Gleanings From The Past #45


Wilde on Fashion

Fashion is what one wears oneself. What is unfashionable is what other people wear.

— Lord Goring, in Oscar Wilde, An Ideal Husband, Act III, 1893

And, after all, what is a fashion? From the artistic point of view, it is usually a form of ugliness so intolerable that we have to alter it every six months.

— Oscar Wilde, “The Philosophy of Dress”, New York Tribune, 1885, cited in John Cooper, Oscar Wilde on Dress, 2013

(Note: This article of Wilde was “lost” and only rediscovered in 2012.)

Dutch Mail Hoax

A hoax which did not deceive the learned, but sorely puzzled them, was that known as the Dutch Mail hoax. Some fifty years ago, an article appeared in the Leicester Herald, an English provincial paper, under the title of ‘The Dutch Mail,’ with the announcement that it had arrived too late for translation, and so had been set up and printed in the original. Much attention was attracted to the article, and many Dutch scholars rushed into print to say that it was not in any dialect with which they were acquainted. Finally it was discovered to be a hoax. Sir Richard Phillips, the editor of the paper, recently told this story of how the jest was conceived and carried out: ‘One evening, before one of our publications, my men and a boy overturned two or three columns of the paper in type. We had to get ready someway for the coaches, which, at four in the morning, required four or five hundred papers. After every exertion, we were short nearly a column, but there stood a tempting column of ‘pi’ [a jumble of odd letters] on the galleys. It suddenly struck me that this might be thought Dutch. I made up the column, overcame the scruples of the foreman, and so away the country edition went with its philological puzzle to worry the honest agricultural readers’ heads. There was plenty of time to set up a column of plain English for the local edition.’ Sir Richard met one man in Nottingham who for thirty years preserved a copy of the Leicester Herald hoping that some day the letter would be explained.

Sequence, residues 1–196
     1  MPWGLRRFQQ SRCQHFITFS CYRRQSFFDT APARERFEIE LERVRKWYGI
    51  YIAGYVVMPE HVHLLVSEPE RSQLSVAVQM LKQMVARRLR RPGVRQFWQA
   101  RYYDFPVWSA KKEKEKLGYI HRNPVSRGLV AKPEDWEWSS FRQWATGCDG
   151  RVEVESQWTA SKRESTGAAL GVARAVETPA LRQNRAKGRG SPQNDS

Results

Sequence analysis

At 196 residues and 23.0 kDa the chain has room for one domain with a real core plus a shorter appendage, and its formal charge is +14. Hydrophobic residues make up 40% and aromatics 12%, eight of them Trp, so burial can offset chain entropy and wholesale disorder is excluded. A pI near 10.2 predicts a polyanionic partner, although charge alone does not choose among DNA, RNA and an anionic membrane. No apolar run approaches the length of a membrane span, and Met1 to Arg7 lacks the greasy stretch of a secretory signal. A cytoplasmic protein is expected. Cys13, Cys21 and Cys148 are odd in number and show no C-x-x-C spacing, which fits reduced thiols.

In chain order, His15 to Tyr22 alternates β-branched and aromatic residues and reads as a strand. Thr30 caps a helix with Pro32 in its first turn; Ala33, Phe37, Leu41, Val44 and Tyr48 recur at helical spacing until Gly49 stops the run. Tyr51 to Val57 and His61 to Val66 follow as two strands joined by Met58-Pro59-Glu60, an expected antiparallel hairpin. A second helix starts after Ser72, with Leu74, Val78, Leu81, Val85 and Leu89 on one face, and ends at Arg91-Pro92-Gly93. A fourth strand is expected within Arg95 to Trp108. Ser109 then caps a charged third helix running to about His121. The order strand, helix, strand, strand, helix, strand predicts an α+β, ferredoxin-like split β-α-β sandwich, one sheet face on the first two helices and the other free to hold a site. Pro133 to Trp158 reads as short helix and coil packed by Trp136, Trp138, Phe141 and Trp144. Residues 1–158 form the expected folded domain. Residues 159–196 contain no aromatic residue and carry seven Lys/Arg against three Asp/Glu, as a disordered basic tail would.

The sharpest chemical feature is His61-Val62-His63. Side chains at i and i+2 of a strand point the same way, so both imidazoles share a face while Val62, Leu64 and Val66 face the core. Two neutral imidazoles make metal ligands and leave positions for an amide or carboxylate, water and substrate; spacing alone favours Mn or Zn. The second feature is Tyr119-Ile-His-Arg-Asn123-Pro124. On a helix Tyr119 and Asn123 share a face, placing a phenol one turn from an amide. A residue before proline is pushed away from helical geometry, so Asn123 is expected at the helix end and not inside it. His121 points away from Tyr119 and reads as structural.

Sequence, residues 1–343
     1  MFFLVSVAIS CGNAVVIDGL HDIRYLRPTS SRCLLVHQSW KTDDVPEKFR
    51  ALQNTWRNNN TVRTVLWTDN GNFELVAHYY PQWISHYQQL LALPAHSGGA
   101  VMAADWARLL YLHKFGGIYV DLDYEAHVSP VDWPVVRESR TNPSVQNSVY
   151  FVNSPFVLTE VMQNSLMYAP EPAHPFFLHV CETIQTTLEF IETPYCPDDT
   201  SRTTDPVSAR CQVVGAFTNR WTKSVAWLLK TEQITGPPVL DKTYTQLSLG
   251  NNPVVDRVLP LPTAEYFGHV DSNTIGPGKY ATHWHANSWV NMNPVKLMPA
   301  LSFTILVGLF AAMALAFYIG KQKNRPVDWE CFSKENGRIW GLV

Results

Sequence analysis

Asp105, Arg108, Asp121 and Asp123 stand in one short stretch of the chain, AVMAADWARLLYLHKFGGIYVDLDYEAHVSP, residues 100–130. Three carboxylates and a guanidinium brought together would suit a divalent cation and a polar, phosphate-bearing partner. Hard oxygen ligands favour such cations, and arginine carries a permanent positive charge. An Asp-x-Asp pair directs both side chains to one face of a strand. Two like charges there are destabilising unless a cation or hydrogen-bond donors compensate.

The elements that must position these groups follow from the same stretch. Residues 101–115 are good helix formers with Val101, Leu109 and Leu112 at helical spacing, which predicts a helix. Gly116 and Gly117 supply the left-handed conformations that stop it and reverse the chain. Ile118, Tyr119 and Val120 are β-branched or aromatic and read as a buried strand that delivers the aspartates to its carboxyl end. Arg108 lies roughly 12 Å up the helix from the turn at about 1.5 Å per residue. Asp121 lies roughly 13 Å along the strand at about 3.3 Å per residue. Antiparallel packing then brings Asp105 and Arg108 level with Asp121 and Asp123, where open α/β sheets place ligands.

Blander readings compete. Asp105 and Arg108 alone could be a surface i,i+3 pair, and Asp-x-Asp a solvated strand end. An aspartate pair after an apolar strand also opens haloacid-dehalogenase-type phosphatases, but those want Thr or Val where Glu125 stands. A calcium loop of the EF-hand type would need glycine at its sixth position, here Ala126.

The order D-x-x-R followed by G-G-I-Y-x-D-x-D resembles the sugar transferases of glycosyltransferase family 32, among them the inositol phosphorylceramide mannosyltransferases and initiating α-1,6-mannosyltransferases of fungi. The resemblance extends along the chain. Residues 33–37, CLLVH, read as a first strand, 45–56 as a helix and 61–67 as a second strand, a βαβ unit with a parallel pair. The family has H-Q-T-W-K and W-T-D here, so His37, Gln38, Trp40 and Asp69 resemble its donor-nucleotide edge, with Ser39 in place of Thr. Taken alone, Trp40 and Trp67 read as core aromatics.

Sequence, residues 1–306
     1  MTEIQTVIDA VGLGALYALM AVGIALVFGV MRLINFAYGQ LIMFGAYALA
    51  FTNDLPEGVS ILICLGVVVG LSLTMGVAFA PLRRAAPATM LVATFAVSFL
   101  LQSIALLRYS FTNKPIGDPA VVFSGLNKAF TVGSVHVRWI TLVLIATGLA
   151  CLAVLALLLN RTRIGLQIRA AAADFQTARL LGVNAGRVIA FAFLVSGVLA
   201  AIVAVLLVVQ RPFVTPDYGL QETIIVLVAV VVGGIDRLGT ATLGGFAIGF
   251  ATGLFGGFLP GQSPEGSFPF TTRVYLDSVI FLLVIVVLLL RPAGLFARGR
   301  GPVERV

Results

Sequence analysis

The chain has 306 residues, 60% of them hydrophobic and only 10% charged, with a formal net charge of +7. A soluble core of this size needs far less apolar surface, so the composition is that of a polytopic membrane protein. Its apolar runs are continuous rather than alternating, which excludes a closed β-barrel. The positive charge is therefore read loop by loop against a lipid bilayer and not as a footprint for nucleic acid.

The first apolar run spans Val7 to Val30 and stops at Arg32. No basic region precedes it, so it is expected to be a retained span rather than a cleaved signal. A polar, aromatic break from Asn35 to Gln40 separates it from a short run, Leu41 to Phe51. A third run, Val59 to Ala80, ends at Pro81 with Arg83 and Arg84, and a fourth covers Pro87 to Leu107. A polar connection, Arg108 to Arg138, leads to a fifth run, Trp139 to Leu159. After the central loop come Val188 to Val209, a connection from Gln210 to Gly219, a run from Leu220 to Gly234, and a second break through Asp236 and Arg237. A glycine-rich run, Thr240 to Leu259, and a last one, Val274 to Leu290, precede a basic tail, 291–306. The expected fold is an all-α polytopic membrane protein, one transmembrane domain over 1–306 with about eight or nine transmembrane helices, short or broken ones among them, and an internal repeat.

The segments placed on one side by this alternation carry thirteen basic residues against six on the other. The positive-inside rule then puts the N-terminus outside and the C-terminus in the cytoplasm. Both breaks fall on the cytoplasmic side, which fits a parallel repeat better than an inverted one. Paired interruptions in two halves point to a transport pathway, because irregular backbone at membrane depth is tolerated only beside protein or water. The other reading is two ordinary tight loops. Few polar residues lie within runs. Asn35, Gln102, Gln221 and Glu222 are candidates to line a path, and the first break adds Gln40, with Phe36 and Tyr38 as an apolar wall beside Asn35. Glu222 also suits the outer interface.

Lippincott’s Monthly Magazine, September 1888


I trembled once beneath her spell
Whose spelling was extremely so-so.

— Frederick Locker-Lampson, London Lyrics, 1881


About Edmark M. Law

My name Edmark M. Law. I work as a freelance writer, mainly writing about science and mathematics. I am an ardent hobbyist. I like to read, solve puzzles, play chess, make origami and play basketball. In addition, I dabble in magic, particularly card magic and other sleight-of-hand type magic. I live in Hong Kong. I blog at You can find me on Twitter @EdmarkLaw and Facebook. My email is
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7 Responses to Gleanings From The Past #45

  1. 3C Style says:

    Wilde also said and I quote: “I can resist anything except temptation”. That sounds like something many fashionistas could say? Uhmmm, not me of course… 😉


  2. Abigail says:

    Lord Goring’s quote reminds me of the perspective that one is never late, but everyone else is simply early.

    Liked by 1 person

  3. Good post. I enjoy your works and research efforts. Thank you.

    Liked by 2 people

  4. masercot says:

    I wrote some essays on modern hoaxes for a defunct site called “99ways”… my first paid gig. Not as hilarious as yours, but the passage of time does make things funnier…

    Liked by 1 person

  5. anjalisk96 says:

    That Dutch mail hoax is a very interesting and rather funny glimpse into the past! Great post!

    Liked by 1 person

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